Thursday, December 15, 2005

Lost in the Fog
I've written here before that it takes a lot more work to be well-informed today than it used to. The world is more complex and it moves faster than it did a generation ago; plus, little things that happen largely out of public view seem to have greater impact now than when the world was (comparatively) simpler. The problem is that many people--perhaps most people--haven't adapted to this. They still think it's possible to be well-informed by skimming the newspaper at lunch or watching CNN for half-an-hour each night. Well, it ain't. That doesn't stop people from advocating simple solutions to complex problems. "Just say no" is a fine example--whether it's saying no to drugs, like Nancy Reagan recommended, or saying no to sex, like the abstinence education advocates recommend. Such solutions are destined to fail precisely because they're blind to the inherent complexity of the situations they're designed to fix.

The other way people respond to complexity is not to respond at all, but to partially opt out. This is the norm, I think--"yes, I know that it's important that I learn about budget earmarks and their effect on the deficit, as well as the disproporationate way in which they distribute federal dollars, but I've got to make cookies for the bake sale, pick up my husband at the airport, and finish a sales presentation before tomorrow morning. I'm sorry, but someone else will have to worry about it." They don't opt out entirely, because the next time they see something on the news about the federal budget process, they may remember something about the subject--"you know, it seems to me I read something about that not too long ago, but I can't remember what." But they don't know enough about what they seem to remember to act on it, or to know how it affects them.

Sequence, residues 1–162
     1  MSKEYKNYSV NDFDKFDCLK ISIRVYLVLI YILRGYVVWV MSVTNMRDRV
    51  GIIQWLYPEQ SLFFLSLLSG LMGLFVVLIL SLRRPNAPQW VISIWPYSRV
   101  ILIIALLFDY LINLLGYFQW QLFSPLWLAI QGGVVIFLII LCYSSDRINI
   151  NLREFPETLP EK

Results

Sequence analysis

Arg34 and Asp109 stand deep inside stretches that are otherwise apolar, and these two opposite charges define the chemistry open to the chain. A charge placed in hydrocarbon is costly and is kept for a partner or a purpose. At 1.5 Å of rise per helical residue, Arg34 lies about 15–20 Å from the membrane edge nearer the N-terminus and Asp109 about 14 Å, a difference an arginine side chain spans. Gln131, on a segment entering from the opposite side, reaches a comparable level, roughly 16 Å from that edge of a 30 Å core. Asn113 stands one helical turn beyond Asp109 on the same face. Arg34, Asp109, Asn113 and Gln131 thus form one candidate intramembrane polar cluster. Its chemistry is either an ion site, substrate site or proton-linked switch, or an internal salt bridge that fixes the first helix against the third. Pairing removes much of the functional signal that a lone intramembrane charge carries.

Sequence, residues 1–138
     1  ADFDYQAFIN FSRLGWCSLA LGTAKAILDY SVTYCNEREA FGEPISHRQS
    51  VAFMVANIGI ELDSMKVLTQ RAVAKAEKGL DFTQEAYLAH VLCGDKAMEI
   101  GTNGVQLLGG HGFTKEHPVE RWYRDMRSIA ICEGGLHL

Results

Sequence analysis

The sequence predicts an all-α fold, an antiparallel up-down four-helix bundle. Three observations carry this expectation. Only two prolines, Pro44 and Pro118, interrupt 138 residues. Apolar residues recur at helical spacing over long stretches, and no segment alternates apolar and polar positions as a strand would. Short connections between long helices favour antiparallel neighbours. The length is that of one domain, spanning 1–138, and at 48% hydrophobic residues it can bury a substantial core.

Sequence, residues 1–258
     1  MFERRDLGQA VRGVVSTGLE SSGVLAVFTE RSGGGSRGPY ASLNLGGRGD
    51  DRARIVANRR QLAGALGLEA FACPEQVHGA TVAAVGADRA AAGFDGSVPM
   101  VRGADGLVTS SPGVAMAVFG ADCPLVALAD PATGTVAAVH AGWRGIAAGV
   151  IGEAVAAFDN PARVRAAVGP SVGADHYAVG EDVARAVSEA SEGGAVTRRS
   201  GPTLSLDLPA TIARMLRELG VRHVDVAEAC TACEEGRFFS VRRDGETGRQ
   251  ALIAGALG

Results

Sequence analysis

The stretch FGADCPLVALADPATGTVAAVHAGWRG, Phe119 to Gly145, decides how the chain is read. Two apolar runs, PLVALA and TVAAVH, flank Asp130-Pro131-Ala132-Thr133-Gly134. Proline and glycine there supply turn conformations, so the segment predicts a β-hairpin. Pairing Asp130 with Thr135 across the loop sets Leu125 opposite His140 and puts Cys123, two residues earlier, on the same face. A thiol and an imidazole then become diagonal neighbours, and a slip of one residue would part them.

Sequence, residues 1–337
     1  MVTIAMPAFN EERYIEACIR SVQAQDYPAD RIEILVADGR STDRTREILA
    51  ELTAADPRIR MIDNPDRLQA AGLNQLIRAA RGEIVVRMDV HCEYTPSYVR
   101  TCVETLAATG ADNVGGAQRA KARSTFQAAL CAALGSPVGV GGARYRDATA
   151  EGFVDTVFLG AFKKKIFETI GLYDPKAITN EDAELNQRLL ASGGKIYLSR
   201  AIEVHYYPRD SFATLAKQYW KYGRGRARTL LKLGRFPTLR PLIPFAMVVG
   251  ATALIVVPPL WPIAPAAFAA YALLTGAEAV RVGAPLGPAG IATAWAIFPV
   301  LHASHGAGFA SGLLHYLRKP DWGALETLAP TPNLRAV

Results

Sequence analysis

Larry Beinhart has a name for these "I seem to remembers." He calls them "fog facts": Things that people know and which are easily verifiable, but have disappeared in the cascading sequence of news stories that follow, one by one, on any complex topic. But Beinhart also lays blame for the proliferation of fog facts on modern media and the way it structures its coverage of complex stories. Sometimes, Beinhart argues, the media doesn't want to report certain facts. Both of these tendencies play right into the tactics of the current administration, which is pushing programs and policies that couldn't be sold honestly. So it spins out a lot of fog which, given the way the media covers government, tends to obscure the facts within. And people think, "Gee, it seems to me I recall that somebody said that there were no WMDs in Iraq before the war started, but I don't remember for sure about it. But I know Bush said there were." Because he said it hundreds of times, but those who said there were no weapons got nothing like equal play for their stories.

There's an interview with Beinhart and an excerpt from his book, Fog Facts: Searching for Truth in the Land of Spin at Alternet today.

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